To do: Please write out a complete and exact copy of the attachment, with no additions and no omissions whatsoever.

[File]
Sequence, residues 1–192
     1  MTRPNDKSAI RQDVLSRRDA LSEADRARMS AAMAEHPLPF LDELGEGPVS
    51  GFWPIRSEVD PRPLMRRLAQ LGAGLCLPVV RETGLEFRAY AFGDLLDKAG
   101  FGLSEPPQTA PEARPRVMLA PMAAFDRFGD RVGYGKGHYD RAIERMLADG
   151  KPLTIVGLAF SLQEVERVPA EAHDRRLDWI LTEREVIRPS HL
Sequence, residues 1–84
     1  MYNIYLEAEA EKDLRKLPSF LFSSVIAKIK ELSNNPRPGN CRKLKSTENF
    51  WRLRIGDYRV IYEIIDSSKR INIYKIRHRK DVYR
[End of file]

Sequence, residues 1–192
     1  MTRPNDKSAI RQDVLSRRDA LSEADRARMS AAMAEHPLPF LDELGEGPVS
    51  GFWPIRSEVD PRPLMRRLAQ LGAGLCLPVV RETGLEFRAY AFGDLLDKAG
   101  FGLSEPPQTA PEARPRVMLA PMAAFDRFGD RVGYGKGHYD RAIERMLADG
   151  KPLTIVGLAF SLQEVERVPA EAHDRRLDWI LTEREVIRPS HL
Sequence, residues 1–84
     1  MYNIYLEAEA EKDLRKLPSF LFSSVIAKIK ELSNNPRPGN CRKLKSTENF
    51  WRLRIGDYRV IYEIIDSSKR INIYKIRHRK DVYR